Disappointed in Wisconsin

Dear Abby,

I don't really have a question, I just need to vent a little. But stick with me, because, who knows, maybe a question will somehow squirt out of my gin-soaked disappointment. If you pay attention to sports, you might understand my pain from this one-word clue: Wisconsin. You see, fans of three major Wisconsin sports teams have suffered through a similar and frustrating script this past season. And, for this particular sports fan, its the type of storyline that brings the greatest amount of anguish. Here's the basic narrative:

Act One: Prior to the season, the fans have a reasonable expectation for possible greatness.

Act Two: During the season, the performance of the team meets, and at times exceeds, expectations.

Act Three: At some point, the team craps away its chance for a championship in some excruciating way.

It all started with the Milwaukee Brewers. In the previous season, they showed off a powerful offense but lacked starting pitching.The team made bold moves to improve its pitching in the off-season and appeared to be legitimate contenders for the National League Pennant. The first part of the season was shaky, but they rebounded to win the division handily. They crapped away their shot at the World Series by getting stomped at home at the hands of the St. Louis Cardinals, a team that barely squeaked into the post season and also has the distinction of beating the Brewers in its only previous World Series appearance. That knife would get a good twist when the Cardinals went on the win the whole enchilada.

But then along came the Wisconsin Badgers football team. In the off-season they recruited Russell Wilson, a talented quarterback from NC State, to spend his last season of eligibility as the Badger signal caller. They began the season ranked 11th, a position that would certainly make a national championship run possible as long as they took care of business. But I didn't really entertain any hope about winning it all until I saw them in action. They looked unstoppable early with a punishing power running attack complemented by Wilson's superb passing, scrambling, and running. They crapped away their shot at the national championship by giving up touchdowns on last second "Hail Mary" passes in two consecutive games. The ensuing depression would briefly go away, only to return when they lost the Rose Bowl in a game that teased Badgers fans by being more competitive than anticipated.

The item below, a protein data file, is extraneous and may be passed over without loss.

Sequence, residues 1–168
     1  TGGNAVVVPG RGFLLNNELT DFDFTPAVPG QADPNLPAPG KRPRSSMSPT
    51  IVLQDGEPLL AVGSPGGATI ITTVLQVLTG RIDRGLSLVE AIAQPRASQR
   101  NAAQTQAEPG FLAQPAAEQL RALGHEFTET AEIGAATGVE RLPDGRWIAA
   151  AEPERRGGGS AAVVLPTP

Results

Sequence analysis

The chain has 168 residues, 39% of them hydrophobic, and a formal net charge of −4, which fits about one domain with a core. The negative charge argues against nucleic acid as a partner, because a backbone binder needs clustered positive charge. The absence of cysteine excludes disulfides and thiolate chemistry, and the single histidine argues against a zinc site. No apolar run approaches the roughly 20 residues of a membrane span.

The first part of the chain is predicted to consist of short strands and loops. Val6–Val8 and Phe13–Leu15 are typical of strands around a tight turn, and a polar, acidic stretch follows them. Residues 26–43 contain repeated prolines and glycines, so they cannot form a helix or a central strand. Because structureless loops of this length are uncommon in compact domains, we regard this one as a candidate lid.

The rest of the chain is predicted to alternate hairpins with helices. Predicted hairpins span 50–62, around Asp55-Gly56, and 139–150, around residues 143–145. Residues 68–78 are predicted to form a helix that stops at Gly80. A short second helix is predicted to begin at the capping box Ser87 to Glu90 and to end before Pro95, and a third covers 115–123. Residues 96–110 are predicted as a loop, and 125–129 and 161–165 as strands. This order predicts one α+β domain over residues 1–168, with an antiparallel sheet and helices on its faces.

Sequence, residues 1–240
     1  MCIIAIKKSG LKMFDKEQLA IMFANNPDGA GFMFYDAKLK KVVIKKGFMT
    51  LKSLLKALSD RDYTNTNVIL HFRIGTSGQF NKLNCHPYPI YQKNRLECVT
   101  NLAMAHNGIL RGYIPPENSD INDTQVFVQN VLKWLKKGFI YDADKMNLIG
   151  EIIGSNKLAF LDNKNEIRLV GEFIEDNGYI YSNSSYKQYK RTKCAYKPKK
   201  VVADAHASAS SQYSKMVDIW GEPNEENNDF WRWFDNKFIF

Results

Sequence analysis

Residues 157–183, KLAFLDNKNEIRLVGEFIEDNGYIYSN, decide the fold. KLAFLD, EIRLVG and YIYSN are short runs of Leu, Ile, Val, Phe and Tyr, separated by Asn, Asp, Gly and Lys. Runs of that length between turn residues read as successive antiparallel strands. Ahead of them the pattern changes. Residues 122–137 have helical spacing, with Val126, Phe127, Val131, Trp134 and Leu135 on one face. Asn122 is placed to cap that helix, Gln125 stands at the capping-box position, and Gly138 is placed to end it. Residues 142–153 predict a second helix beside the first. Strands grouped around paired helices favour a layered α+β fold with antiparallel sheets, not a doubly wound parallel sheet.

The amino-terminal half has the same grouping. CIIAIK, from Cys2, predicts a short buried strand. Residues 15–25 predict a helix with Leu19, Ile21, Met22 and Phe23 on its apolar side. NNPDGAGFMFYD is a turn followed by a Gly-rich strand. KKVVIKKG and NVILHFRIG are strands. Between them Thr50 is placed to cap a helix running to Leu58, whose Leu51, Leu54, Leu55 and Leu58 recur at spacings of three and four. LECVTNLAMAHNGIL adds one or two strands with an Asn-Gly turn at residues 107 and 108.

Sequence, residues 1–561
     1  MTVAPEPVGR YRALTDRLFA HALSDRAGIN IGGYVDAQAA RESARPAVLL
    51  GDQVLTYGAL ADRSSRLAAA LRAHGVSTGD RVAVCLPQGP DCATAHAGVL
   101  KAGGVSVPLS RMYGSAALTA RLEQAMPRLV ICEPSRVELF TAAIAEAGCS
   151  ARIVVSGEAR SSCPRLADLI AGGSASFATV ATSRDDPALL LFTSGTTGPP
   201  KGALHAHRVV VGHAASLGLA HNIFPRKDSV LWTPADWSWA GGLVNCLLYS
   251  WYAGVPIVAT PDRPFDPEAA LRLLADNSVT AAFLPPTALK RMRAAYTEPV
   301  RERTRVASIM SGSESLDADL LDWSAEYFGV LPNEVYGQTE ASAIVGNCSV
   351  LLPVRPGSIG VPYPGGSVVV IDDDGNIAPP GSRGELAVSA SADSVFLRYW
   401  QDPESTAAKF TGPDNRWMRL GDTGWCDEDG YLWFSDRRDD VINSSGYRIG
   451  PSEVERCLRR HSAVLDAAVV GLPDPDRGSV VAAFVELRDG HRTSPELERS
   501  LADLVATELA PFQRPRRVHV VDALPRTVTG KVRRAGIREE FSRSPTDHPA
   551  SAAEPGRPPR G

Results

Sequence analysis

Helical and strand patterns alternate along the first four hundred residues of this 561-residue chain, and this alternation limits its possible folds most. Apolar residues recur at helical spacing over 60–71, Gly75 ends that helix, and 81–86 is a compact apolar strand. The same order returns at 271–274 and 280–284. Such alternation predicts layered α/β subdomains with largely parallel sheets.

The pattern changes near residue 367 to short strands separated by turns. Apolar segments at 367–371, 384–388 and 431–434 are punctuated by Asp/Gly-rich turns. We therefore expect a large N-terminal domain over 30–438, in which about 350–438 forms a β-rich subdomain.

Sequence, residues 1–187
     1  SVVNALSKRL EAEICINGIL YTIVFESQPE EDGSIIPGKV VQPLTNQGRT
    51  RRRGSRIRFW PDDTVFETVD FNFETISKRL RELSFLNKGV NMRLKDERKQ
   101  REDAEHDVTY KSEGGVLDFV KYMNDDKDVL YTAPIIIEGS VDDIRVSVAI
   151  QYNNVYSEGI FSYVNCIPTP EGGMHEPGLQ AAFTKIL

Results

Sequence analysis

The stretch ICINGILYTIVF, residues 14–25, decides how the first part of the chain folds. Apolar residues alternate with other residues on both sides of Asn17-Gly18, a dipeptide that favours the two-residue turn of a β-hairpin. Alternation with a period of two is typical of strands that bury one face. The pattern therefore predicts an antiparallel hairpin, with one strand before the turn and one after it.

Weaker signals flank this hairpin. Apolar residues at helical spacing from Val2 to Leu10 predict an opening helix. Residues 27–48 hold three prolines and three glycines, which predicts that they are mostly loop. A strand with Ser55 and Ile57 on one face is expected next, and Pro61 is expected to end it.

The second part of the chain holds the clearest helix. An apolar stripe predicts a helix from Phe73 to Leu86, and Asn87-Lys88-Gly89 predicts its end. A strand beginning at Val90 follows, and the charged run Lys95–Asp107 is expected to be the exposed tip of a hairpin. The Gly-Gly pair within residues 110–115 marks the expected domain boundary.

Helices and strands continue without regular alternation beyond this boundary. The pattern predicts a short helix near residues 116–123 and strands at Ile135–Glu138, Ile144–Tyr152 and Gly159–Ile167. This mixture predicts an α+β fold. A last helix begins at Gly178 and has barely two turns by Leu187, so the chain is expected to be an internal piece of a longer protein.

But, no matter what happened with these other teams, we always had the Green Bay Packers to fall back on. Super Bowl Champions. Nearly undefeated. Aaron Rodgers for MVP. This team had already conquered the mountain. They could tap into valuable experience that neither the Brewers nor the Badgers possessed. While the defense was the obvious weakness, several key players on that unit had shown past ability to step up their level of play in big games. They would go all the way, and somehow that would at least partially heal the wounds that resulted from baseball and college football. It was not to be. They crapped away their chance at winning consecutive Super Bowls with a combination of uncharacteristic turnovers and all too familiar defensive breakdowns. It sure didn't help that one of those breakdowns was another "Hail Mary" pass to end the first half. The pain from this loss will be compounded only if I actually watch the handful of Packers players in the Pro Bowl. I probably will.

It's easy to talk about silver linings in all of this disappointment. It is better to have competed at the highest level and lost than to just plain stink from the outset. The fact is that the Brewers, Badgers, and Packers provided me and many others with a great deal of sports entertainment over the past several months. It is an inescapable truth in sports that as success grows, the emotional stakes to the fans increase along with it. However, it just seems cruel to be subjected to three metaphorical face-plants in the same year. It's like the sports gods are trying to tell us something. Which reminds me -- there is one common thread that runs through all three of these teams: bad defense. If, by chance, the lesson is that defense wins championships, then I think there is one very powerful way for the sports gods to drive home that message to me and my fellow Wisconsin sports fans. The Wisconsin Badgers men's basketball team should win the NCAA Division I Championship. Is that too much to ask, Abby?


Disappointed in Wisconsin

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